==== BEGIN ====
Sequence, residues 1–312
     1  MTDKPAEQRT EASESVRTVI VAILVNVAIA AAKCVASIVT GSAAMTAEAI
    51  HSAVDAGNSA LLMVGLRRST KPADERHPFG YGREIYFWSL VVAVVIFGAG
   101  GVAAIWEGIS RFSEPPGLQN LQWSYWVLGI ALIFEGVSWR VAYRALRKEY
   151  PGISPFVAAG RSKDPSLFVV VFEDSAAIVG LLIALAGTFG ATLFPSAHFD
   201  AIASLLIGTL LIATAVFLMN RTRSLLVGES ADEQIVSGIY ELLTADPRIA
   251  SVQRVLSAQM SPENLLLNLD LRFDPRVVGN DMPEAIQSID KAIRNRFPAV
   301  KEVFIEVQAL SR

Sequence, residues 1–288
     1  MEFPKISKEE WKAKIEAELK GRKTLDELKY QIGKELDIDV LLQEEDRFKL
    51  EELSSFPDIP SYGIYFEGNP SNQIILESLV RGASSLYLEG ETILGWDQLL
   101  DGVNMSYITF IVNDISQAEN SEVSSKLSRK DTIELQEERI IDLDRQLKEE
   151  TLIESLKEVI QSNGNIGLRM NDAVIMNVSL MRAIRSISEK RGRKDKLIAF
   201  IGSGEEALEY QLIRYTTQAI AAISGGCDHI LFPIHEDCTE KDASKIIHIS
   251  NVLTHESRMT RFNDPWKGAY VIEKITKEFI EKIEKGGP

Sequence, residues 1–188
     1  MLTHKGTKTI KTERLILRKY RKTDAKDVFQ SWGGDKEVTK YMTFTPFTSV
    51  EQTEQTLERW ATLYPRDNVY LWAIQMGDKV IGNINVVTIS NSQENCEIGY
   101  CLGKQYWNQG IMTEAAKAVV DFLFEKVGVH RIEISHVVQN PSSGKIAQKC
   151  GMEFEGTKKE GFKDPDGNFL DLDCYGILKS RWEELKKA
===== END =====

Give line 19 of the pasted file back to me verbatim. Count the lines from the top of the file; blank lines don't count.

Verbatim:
   101  CLGKQYWNQG IMTEAAKAVV DFLFEKVGVH RIEISHVVQN PSSGKIAQKC